In the end, it turned out to be another Bahraini bank: meet our new ten-percenters, the imaginatively named International Investment Bank, and Leeds City Holdings’ newest board member, Mr Aabed Al Zeera, who comes weilding his hefty Ordinary National Diploma in Business Studies from Evesham College of Further Education. “The introduction of IIB is in keeping with what have always been GFH Capital’s aims for the successful, sustainable and long term ownership of Leeds United FC,” said David Haigh, although he didn’t reveal how much IIB are investing, how much return they intend to realise on their investment and when, or how selling off bits of the club in 10% chunks to random bankers who are hoping their accounts will “turn grey” adds to stability at LUFC. IIB are based on the 37th floor of a blue and yellow tower, though, so there is at least some vague connection to our away colours.

Whether this bitty strategy towards investment – 10% here, 51% there – is the right one for Leeds United remains to be seen. Perhaps the new investment bank will attract other investment banks to buy shares in their shares, who could in turn attract investors in their own shares, forming a big sort of pyramid like struc – nah, forget that idea. There is a strong argument, though, for just sweeping all the snow away and letting someone with the wherewithal to handle the job themselves take charge; the speculation around Steve Parkin hasn’t gone away, and in his second (much shorter) Open Letter to GFH Amitai Winehouse at Spoughts suggests: “Rather than selling segments off piecemeal, just give the whole megazord to the adults who have kindly come over to the kid’s table and put down the food you’ve been waiting for. It’ll save a lot of problems later.”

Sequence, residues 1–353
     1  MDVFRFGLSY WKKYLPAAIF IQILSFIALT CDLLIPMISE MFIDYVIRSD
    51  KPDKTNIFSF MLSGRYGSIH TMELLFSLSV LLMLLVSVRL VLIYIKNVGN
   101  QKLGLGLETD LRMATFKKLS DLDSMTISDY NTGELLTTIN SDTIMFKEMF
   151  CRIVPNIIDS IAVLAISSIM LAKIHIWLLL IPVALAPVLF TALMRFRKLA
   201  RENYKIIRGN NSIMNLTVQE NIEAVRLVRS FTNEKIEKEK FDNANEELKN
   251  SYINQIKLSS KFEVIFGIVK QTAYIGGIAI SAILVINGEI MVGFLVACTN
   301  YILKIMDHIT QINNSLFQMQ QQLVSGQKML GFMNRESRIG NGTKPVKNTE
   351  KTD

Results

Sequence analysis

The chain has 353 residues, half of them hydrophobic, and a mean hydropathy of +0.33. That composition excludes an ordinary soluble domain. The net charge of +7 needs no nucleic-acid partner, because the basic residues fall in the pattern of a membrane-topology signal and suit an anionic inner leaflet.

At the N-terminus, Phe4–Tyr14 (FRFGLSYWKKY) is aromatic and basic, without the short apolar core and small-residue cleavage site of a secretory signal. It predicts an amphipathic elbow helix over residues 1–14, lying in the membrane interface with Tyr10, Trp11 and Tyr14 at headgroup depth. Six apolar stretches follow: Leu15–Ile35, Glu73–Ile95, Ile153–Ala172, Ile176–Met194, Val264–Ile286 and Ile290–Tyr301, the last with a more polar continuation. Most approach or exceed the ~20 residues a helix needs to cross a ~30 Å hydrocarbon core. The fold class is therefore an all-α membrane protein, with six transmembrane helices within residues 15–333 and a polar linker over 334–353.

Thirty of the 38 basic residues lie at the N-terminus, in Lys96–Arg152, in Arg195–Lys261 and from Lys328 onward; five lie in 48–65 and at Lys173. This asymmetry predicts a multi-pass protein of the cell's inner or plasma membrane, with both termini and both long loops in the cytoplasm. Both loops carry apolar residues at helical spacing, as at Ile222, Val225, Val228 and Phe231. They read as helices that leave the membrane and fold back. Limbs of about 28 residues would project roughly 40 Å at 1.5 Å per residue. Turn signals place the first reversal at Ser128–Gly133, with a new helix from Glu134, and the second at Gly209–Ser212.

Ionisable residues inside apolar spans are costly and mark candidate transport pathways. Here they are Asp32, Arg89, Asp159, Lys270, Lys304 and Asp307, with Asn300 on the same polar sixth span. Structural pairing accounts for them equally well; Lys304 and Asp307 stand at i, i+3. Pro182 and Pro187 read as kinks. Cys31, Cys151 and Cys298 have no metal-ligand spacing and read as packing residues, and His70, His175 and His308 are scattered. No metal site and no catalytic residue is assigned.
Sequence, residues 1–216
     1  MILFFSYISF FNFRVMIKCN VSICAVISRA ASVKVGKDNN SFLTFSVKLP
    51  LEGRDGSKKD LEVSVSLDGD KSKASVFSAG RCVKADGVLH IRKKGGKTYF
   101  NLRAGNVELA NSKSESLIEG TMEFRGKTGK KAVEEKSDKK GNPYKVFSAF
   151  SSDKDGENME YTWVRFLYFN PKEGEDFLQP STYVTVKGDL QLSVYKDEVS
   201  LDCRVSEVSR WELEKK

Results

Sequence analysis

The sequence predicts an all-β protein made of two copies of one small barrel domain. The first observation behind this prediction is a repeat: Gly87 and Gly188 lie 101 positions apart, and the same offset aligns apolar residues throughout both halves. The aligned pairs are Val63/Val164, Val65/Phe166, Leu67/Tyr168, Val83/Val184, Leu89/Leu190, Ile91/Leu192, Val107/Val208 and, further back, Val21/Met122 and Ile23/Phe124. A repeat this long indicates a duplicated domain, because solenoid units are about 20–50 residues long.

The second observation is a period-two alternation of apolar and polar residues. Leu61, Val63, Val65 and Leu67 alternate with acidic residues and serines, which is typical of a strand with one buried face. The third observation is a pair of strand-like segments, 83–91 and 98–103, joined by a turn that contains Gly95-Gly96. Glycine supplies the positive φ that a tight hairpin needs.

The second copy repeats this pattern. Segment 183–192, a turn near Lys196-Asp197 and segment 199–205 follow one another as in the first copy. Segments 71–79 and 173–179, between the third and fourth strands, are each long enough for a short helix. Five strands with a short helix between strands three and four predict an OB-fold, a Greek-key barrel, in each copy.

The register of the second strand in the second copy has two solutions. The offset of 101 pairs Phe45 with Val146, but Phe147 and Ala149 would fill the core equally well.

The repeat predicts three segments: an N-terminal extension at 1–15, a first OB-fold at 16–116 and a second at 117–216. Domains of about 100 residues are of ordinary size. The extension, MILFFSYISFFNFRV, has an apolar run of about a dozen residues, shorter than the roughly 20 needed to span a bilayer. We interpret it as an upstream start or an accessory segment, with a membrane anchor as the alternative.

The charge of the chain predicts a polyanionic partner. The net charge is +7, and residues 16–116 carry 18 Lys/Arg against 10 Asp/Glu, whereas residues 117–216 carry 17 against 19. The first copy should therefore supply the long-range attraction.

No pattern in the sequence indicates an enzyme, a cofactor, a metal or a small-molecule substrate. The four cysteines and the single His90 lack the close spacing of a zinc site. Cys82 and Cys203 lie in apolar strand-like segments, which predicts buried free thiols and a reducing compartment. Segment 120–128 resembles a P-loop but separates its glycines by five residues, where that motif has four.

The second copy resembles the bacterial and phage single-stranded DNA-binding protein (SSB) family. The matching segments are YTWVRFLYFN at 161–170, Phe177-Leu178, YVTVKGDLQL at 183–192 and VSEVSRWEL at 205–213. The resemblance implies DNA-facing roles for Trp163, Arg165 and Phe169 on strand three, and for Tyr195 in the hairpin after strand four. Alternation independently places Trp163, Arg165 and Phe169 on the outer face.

With the manager touting himself out of a job, and the owners dividing their ownership up into little pieces, Leeds seem to be taking the ‘two players for each position’ approach to heart in all the wrong places. On the frozen pitches of Thorp Arch, however, there have been some signs of springtime. Young players Lewis Walters, Luke Parkin and Alex Mowatt followed Chris Dawson by signing professional contracts at Leeds. There’s a long way to go from ‘first professional contract’ to ‘successful professonal footballer’, but every Leeds fan feels a bit of joy when a player with a good reputation in the youth sides gets nearer to the first team. Leeds’ players have made an art of being wintry since August, making sure the ball descends with snow on it even on sunny days, and we have to hope that once the play-off ‘dream’ – is anyone really still dreaming of the play-offs? – is finished this weekend, the young lads will get a shot.

Easter tells us, after all, that something must end before the world can be reborn; if that something is our play-off chances, Neil Warnock’s management, or the playing career of Michael Brown, I’d take any of those to see Dawson roll back the rock from the cave.